There are literally thousands of sliders currently developed for you to pick from, but there are two things these sliders do very very badly. The first is that they rarely are use-able for a fullscreen website or gallery. Secondly they always, always handle the loading of those large background images badly. All examples I could find of fullscreen jQuery sliders or galleries loaded the imagery at the beginning when the slider loads. This is a terrible outcome for the user, they have to sit there staring at a blank screen while the app loads. Mobile was even worse. Also when the user clicks through the image slides they get black screens. It’s terrible UI experience and that is where this slider comes in.
Fullscreen background slider is a slider yes, but it is also far more than that, it is a way of using large beautiful background imagery, while maintaining a fluid and simple user experience, which should always be paramount!
Best way to see it in a action is to check out this demo.
I have a love hate relationship with Plupload, if you are unsure what Plupload is, it’s a jQuery script that gives your users the ability to upload files. Very useful, but oh so difficult to implement, hence why we use Plup.
The issue is, Plup if it were a political leader is a Facist, it has a certain way it wants you to do things, and you will not differ from the assignment. The plugin is rigidly attracted to it’s own stupid plupload interface. Now if you are an interface developer like me and you work on different applications you will know the interface for a plugin gets thrown out on day one, it’s the actual API and functions you are interested in. You want your site to look uniform and there are client expectations to meet. Sadly Facism does not fit this model which is why Plup sucks so badly as soon as you want to roll a custom uploader, I mean it doesn’t even have a reset method, NO SERIOUSLY, you can’t reset the plugin via the API.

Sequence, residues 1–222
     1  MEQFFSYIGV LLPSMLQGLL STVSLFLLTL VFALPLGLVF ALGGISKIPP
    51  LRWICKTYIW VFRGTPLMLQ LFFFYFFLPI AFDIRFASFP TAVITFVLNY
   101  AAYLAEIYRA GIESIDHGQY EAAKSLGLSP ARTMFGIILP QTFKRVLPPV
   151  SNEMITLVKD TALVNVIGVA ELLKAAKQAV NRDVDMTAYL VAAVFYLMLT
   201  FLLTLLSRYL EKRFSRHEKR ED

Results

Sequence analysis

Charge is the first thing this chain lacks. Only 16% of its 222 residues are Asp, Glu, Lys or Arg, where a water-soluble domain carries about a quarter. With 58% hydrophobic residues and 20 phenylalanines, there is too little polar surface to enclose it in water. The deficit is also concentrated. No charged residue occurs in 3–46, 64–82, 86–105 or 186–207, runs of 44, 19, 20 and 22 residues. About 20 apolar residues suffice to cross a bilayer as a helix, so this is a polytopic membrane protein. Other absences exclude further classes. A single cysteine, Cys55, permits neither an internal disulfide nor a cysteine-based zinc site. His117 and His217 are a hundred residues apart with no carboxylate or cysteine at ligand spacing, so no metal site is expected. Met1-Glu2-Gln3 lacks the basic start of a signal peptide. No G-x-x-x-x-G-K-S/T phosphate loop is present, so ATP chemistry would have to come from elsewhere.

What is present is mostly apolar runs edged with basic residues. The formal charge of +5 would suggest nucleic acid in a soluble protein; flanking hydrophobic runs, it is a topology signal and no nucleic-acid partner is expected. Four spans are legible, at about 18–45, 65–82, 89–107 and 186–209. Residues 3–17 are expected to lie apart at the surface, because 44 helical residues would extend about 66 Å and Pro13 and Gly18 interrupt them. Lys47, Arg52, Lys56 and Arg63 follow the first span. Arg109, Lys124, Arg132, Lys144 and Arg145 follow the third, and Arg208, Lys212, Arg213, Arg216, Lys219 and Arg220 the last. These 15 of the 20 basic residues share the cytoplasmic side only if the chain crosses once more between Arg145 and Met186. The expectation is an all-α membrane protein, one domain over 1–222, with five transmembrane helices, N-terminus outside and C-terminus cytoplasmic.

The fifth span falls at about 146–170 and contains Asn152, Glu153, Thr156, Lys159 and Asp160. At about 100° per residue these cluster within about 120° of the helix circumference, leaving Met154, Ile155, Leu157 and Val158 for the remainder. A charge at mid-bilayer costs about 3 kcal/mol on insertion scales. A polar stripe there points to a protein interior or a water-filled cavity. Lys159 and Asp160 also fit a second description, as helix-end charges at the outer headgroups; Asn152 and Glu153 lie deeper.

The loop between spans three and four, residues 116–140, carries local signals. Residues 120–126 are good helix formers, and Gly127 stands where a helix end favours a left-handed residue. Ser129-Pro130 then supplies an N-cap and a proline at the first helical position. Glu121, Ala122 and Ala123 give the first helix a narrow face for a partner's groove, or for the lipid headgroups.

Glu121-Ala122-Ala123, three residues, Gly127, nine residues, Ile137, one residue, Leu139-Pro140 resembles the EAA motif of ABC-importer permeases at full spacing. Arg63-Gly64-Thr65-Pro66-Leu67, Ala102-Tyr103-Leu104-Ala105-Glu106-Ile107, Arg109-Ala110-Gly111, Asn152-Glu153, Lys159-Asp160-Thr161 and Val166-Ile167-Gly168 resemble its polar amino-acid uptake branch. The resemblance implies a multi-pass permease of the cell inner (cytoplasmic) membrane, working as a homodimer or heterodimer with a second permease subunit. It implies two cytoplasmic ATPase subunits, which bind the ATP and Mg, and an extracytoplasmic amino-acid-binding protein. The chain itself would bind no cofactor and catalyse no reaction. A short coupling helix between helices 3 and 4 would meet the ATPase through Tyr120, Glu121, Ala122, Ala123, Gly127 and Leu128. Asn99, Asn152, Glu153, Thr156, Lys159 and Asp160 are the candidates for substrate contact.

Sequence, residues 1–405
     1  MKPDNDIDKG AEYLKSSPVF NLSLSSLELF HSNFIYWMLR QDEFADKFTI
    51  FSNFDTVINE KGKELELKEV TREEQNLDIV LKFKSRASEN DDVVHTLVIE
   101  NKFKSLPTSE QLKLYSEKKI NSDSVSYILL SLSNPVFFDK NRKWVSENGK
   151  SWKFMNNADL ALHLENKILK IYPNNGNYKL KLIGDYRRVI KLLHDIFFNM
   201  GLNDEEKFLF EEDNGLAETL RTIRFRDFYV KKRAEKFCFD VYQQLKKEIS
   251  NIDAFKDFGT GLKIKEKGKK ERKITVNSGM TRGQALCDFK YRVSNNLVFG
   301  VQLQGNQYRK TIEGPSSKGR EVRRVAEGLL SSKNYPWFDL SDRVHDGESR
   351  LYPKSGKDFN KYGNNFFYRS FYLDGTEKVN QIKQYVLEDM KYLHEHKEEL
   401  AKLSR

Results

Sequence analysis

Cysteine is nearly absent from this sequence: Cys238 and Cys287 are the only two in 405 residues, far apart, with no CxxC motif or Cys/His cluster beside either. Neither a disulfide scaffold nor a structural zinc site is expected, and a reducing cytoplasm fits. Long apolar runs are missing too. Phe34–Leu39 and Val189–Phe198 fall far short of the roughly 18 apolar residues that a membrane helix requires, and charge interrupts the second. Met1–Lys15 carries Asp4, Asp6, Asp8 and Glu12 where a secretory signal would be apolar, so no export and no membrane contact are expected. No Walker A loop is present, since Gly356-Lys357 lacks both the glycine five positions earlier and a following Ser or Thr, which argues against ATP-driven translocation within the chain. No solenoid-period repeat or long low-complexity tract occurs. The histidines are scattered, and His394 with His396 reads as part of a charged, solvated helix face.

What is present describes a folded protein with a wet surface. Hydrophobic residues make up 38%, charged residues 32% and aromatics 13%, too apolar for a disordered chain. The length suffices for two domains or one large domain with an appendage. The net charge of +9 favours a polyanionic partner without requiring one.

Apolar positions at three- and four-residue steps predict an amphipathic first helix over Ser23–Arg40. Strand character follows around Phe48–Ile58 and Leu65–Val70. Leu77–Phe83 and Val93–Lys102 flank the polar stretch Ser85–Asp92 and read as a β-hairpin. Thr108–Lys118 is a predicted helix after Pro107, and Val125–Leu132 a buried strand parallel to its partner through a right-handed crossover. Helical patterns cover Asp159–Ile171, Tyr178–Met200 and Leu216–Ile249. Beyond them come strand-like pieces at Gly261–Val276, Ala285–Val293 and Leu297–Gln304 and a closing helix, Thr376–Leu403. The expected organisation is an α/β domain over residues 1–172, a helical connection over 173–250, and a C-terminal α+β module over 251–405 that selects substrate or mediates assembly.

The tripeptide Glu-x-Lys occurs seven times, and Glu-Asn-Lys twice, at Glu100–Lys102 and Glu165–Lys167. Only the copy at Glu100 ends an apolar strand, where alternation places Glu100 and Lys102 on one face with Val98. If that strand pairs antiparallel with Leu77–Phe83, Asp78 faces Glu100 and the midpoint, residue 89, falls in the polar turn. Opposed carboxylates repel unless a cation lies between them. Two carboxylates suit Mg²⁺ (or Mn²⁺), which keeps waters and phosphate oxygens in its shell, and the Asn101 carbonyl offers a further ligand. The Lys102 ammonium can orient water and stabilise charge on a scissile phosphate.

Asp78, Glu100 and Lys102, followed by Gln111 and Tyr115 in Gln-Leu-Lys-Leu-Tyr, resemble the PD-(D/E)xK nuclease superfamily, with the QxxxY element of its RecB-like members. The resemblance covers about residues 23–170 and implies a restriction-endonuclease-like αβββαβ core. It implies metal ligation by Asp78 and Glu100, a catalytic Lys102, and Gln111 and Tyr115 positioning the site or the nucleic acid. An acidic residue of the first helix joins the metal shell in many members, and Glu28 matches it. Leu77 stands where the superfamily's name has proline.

Keep reading and I will show you guys a bunch of ways to beat Plup into submission for your custom uploaders.
The title is fairly generic, so if you have found this, congratulations, your life is about to become far simpler. When working on or with ajax enabled web sites we usually run into the issue of request times, users need to be shown that something is happening in the background and visually we accomplish this with an Ajax Loader. You would have seen plenty of these by now, little animated gifs that give you a sense the web-page is loading something.
Now the drama here is they are a PITA to create all the time on the fly while your writing those fancy ajax queries, some of the framework simplify the task by letting you specify a loading attribute, but the behaviour isn’t standard and I find the implementation is lacking because it is usually an after thought of the original Ajax request in the framework. Also you don’t want to create useless mark-up in you page by having a permanent but hidden until needed ajax overlay like I see a lot of sites doing. Less code = better at everything, remember that.